The PRIME Book Meets Alexandra Fuller

“I don’t think any of us can sit in judgment of another human being. We’re incomplete creatures, barely scraping by. Is it possible–from the perspective of this quickly spinning Earth and our speedy journey from crib to coffin–to know the difference between right, wrong, good, and evil? I don’t know if it’s even useful to try.”

-Alexandra Fuller, Scribbling The Cat

Minutes before the reading from her latest memoir, Cocktail Hour Under the Tree of Forgetfulness, we caught up with best- selling author Alexandra Fuller in Cambridge, Mass. Her first memoir, Don’t Lets Go To The Dogs Tonight: An African Childhood, was an astonishing recollection of her childhood in war torn Rhodesia. It dealt brutally and honestly with her “racist, psychotic, gun-toting ” mother and left me with no shortage of questions. How does one reconcile a painful childhood? How do you learn to forgive your own mother’s choices? Mostly, I wanted to meet the woman who could write so eloquently about such a harrowing and, at times death-defying, upbringing without self-pity or blame. “When I was younger I took her (mother’s) madness personally. But, she had a right to lose her mind. We don’t experience our parents as people; that comes only with the objectivity of age.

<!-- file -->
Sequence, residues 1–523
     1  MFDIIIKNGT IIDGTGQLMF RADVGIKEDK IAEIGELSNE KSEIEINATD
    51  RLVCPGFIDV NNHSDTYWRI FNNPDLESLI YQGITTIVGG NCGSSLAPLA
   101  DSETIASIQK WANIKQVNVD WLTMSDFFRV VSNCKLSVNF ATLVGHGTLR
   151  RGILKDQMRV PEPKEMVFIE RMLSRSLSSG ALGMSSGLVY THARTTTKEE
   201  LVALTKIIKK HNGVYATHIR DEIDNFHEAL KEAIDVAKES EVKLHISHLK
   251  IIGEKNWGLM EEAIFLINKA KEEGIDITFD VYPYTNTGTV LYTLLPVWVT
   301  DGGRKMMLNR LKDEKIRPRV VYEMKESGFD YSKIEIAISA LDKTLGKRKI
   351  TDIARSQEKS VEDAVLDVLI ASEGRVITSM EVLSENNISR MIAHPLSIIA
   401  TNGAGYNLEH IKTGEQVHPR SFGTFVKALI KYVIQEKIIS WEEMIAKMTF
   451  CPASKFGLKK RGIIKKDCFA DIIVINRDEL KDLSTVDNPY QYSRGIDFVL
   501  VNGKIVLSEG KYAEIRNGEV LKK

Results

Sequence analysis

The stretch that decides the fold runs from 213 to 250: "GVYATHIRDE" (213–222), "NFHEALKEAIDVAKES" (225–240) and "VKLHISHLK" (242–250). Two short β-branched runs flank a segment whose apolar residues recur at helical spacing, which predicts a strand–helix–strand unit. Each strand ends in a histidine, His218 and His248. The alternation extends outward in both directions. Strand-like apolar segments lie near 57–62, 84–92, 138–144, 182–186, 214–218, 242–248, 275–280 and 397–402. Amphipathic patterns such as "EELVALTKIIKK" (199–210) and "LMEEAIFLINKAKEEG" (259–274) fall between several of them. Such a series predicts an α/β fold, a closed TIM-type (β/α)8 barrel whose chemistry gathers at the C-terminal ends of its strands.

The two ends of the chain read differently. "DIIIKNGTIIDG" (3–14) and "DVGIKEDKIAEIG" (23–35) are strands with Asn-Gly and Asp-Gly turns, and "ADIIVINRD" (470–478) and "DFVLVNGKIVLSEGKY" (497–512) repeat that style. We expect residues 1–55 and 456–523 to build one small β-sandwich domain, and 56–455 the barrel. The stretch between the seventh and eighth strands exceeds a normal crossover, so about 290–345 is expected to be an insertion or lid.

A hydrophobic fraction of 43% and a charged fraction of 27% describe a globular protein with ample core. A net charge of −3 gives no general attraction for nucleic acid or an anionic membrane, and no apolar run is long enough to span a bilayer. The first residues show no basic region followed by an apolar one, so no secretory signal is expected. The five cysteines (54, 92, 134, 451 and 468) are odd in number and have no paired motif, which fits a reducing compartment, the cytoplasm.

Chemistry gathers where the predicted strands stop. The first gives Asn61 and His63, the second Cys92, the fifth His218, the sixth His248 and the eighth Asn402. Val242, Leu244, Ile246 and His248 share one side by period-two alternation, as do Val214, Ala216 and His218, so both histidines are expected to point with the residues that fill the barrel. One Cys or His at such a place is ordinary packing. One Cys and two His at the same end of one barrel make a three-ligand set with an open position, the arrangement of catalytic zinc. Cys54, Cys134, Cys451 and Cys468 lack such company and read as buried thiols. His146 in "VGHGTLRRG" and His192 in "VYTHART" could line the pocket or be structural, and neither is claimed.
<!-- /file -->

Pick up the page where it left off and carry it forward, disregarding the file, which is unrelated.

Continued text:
Alexandra’s perspective on life and death, clearly molded by her wildly eccentric and often dangerous childhood in Zimbabwe, has much to teach modern American women on fearlessness, self-compassion, and the role of motherhood in our lives. Her utterly unique perspective may just change your life.

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3 Responses to The PRIME Book Meets Alexandra Fuller

  1. Brenna says:

    Lovely. Can’t wait till the Prime Book comes out.

  2. theprimebook says:

    So glad it resonates…We’ll keep you posted on the book release!

  3. scott cronin says:

    I can’t explain why some peoples stories poke right through protective defenses of emotion and others barely do. In this case the former is the case. it’s an inspiration when events and circumstances that would drag the spirit down and smother it in some, sharpen the blade that gives the edge to furthering the journey to it’s destination in others.
    On Sep 17, 2012, at 8:20

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